Dropcam is a small wifi enabled camera that can be used as a home security camera, baby monitor, or just to watch a dog sleep while away from home. As long as it’s in range of a wifi router, the image can be viewed from anywhere.
I was introduced to the Dropcam at CES this year. It’s an attractive package, both the hardware and the app. With the service plan it also includes some really interesting features not generally found on app-enabled web cams.
The hardware part of the Dropcam consists of a small camera shaped a bit like a 1/2 size hockey puck. The camera has a mini USB connection to allow the device to get power and to connect it to a computer for setup. The base that the camera fits into is very sturdy and fairly easy to mount. Though neither the camera fitting into the base nor the base fitting into the wall mount instill much confidence in their security.
Setting up the camera is easy and inventive. When plugged into a USB port, the camera looks as though it is a USB drive and has the software application needed to configure it right on board. Setup was quick and almost painless. I’ve found the first major restriction of the Dropcam is that it have a relatively short wifi range. The setup software requires that the wifi connection be extra strong to complete the programming. Once programmed, the wifi connection range seems to be a bit more forgiving. But it still seems to fail to connect where other devices wifi devices I have connect without issue. Contacting Dropcam support was of little help with a two week wait for reply.
Once the hardware is ready, the Universal iOS Dropcam app is needed to view the camera. Once signed into a Dropcam account, connected cameras will pop right up. The camera can be viewed them from there or further configured as needed. It must be noted that the picture quality of the Dropcam is the best I have seen in the half a dozen or so wifi cameras I’ve tested. It’s advertised at 720p and it not only looks sharp, but the color and contrast are very good as well. The camera also allows viewers to listen in to what is happening near the camera and even talk back via the app.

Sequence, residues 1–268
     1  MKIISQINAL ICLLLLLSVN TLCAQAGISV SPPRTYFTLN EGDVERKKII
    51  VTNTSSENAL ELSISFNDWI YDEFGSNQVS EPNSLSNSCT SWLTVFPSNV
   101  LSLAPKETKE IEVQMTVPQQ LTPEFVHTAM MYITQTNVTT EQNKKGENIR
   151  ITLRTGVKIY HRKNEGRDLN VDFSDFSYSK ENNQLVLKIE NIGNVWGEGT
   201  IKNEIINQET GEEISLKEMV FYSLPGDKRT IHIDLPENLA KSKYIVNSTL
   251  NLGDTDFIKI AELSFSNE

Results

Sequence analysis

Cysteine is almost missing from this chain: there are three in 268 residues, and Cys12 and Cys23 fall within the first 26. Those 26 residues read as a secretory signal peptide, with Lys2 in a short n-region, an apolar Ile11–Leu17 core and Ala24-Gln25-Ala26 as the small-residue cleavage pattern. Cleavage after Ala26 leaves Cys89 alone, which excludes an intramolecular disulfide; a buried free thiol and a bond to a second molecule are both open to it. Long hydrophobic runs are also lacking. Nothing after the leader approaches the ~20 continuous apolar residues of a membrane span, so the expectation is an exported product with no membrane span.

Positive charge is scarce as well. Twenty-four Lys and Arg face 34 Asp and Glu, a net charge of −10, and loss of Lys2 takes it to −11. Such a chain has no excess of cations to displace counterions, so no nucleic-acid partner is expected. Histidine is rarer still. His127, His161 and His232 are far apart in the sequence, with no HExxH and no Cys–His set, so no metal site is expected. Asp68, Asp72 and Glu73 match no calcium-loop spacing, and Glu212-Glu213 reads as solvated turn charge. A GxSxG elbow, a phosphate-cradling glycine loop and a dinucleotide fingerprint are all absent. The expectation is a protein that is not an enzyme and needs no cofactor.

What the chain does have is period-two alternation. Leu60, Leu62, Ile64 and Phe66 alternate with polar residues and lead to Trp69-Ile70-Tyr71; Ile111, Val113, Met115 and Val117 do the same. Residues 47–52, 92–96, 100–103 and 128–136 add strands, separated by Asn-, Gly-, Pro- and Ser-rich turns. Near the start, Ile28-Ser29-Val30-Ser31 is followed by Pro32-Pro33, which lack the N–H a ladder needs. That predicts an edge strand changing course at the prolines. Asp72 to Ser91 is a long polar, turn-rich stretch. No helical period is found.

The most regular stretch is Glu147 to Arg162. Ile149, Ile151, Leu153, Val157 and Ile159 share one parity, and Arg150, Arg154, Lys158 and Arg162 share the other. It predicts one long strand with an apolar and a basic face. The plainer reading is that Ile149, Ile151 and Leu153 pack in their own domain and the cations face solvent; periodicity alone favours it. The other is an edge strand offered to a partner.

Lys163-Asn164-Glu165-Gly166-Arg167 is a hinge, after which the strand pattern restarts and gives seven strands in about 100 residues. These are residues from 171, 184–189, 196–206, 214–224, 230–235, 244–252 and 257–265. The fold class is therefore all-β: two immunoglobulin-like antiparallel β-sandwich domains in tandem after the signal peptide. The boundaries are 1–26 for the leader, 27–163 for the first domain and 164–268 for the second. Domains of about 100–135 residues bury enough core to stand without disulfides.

The iPad app is far and away easier to use over the iPhone version. The iPhone version of the software could use an update to bring it closer in features and ease of use to the iPad app.
The basic Dropcam service, which is free, allows connection to Dropcams over the Internet — wifi or cellular connection — from anywhere. Dropcam can also send push or email notifications of the configurable motion alerts.
A Plus plan ($9.95/month) gives one of the best features of the Dropcam, cloud-based DVR of video from the camera for up 7 days. This gives the ability to rewind what the Dropcam saw, view motion events, or view a specific time in the past 7 days. A Pro plan ($29.95/month) extends the DVR feature to 30 days recording. Both paid plans offer a discount for multiple cameras on one account, but extra charges do apply.
The app on both the iPhone and iPad does need a few obvious features. For instance, there’s no pinch to zoom on the camera image. Instead, the zoom region must be chosen from one of 5 zones to zoom in on in the Settings app, and it’s static from that point. Also, the camera must be connected to view the cloud based stored video with the DVR feature: an odd omission there.
Small issues aside, the Dropcam is the best app-enabled network camera I have yet tested. The software issues in particular I expect to be resolved over time. The monthly fee is a bit steep, but considering what it’s actually doing, understandable.
Overall, the picture quality and the great app make the Dropcam a great network camera, even without the fairly expensive DVR service.
+ Universal App - Designed for iPhone and iPad
Released: 2010-01-20 :: Category: Utilities